Osteoporosis is often hailed as a women's disease, but the reality is osteoporosis also affects men. The condition is less common in men than women due to differences in bone size and strength.
Osteoporosis is a metabolic disease, wherein the structure of bone tissue breaks down. As a result, bones become brittle, breakable and may lead to bone fractures. Osteoporosis is not a condition that can be identified until it becomes advanced.
Owing to larger skeletons, osteoporosis develops less often in men than in women. The condition is even less common in men under 50 as they don’t experience the rapid loss of bone mass.
The reasons and risk factors behind osteoporosis in men are as follows
Glucocorticoid Medications – These are the drugs to treat conditions such as asthma and rheumatoid arthritis. The side-effects they have are bone loss, muscle weakness and reduced intestinal absorption of calcium. All of these factors contribute to osteoporosis.
Hypogonadism – Hypogonadism, the condition of abnormally low levels of sex hormones, is one of the causes for osteoporosis.
Alcohol Indulgence – Alcohol indulgence has a certain impact on bone density and ups the risk of osteoporosis.
Smoking – Men who smoke are more prone to bone loss and vertebral fractures. Nicotine and tobacco chemicals inhibit the absorption of calcium and weaken bones.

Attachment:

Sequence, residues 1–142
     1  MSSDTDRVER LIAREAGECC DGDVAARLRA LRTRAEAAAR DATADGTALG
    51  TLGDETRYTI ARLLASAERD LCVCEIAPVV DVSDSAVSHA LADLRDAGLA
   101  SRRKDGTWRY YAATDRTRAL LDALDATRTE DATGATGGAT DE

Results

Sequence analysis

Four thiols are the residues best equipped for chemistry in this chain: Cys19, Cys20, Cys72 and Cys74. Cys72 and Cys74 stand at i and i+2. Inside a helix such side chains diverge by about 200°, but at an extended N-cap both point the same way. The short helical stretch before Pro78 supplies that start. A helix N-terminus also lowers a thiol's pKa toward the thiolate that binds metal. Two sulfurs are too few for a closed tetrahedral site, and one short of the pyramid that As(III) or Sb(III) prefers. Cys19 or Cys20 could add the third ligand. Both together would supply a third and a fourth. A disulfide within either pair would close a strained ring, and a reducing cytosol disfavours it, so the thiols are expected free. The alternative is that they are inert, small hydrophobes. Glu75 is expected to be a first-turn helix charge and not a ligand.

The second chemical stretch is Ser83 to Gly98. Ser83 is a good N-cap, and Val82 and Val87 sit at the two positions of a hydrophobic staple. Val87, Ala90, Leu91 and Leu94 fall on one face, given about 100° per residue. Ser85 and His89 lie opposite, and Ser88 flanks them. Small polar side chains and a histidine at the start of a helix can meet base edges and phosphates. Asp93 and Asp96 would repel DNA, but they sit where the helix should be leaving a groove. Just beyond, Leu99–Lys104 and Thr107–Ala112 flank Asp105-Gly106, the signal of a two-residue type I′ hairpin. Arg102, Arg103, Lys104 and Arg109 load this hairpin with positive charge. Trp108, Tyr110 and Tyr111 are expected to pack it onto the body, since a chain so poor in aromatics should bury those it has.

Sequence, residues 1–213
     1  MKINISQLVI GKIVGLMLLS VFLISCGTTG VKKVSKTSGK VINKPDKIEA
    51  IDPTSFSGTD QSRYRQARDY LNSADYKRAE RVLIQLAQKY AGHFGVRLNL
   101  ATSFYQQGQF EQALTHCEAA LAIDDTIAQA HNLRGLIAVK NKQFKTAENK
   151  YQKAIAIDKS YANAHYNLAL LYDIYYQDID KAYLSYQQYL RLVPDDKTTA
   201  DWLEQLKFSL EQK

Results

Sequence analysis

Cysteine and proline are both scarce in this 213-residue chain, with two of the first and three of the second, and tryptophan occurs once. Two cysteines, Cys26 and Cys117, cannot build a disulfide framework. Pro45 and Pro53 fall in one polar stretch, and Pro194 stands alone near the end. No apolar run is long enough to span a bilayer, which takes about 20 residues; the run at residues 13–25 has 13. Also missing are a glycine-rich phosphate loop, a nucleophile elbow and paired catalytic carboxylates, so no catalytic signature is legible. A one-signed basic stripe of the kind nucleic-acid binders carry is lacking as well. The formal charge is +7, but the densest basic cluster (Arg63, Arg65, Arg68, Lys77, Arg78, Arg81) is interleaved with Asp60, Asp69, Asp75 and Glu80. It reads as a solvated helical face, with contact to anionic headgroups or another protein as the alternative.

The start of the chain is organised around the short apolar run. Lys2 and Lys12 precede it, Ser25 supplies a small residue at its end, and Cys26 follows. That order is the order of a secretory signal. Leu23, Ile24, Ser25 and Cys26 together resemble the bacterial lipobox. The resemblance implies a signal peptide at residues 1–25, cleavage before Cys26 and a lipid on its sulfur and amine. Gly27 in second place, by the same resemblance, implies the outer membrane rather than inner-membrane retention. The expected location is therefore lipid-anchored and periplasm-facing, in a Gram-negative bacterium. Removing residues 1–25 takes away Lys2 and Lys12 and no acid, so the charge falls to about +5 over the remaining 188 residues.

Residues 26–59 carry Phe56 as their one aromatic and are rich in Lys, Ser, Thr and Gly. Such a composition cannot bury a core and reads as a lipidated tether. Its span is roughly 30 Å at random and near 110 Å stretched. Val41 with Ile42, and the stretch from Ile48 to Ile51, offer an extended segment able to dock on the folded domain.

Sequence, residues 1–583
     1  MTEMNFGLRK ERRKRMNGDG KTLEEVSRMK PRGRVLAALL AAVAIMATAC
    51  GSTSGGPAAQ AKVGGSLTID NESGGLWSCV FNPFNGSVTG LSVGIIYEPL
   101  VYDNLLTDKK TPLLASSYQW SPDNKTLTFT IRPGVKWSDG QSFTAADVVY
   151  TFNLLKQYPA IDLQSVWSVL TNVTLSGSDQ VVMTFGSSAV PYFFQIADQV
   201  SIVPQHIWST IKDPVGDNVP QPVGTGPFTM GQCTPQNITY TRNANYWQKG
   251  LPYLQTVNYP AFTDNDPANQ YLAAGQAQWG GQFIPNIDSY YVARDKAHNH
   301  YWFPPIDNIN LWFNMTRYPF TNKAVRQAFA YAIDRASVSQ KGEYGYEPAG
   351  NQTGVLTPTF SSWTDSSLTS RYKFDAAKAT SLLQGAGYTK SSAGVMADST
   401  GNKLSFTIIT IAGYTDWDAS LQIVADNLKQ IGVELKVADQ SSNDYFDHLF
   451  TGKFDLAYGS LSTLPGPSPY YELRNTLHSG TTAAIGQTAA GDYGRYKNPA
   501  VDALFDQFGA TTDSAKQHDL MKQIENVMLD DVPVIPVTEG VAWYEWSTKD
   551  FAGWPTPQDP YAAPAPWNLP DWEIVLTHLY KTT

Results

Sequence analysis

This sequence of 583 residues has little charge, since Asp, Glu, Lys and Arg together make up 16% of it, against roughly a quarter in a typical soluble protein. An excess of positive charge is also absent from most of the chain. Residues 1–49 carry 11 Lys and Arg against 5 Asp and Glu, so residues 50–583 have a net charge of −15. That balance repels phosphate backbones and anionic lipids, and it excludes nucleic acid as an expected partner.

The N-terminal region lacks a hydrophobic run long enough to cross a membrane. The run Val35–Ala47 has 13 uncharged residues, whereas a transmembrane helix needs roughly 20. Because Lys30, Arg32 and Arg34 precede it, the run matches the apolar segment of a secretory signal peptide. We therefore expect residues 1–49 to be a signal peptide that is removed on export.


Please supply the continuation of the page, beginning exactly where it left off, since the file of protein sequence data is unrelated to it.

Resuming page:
Gastrointestinal Disorders – Gastrointestinal disorders impair the absorption of these nutrients such as amino acids, calcium, magnesium, phosphorous and vitamins D. All of these nutrients are crucial for bone health.
Treatment of osteoporosis in men is quite similar to the treatment of the condition in women. The treatment approaches encompass medications, dietary changes, exercise regimen and lifestyle modifications. These plans aim to prevent bone loss and improve bone health. The treatment of osteoporosis may include the following.
Calcium intake – Men under the age of 50 years require enough calcium each day to maintain bone strength and treat osteoporosis. Consult your health care provider for the adjustment in calcium intake as it has to be higher, depending on the degree of bone loss.
Get underlying conditions treated – If there is an underlying medical condition that is contributing to your osteoporosis, address the problem as soon as possible. For example –Low testosterone is one factor that contributes to osteoporosis;, treatment of the condition with hormone replacement therapy will help improve bone health.
Monitor your bone strength – Careful monitoring of your bone strength and loss can help treat osteoporosis or improve bone strength/health. Monitor your condition with X-rays, bone mineral density tests, blood work and other medical tools.
If left untreated or ignored, osteoporosis in men can lead to broken bones and permanent disability. Men can prevent osteoporosis through a healthy diet, one that is high in calcium and vitamin D. Moreover, weight-bearing exercise improves bone strength. However, it is advised to check with your doctor before beginning any new exercise routine.
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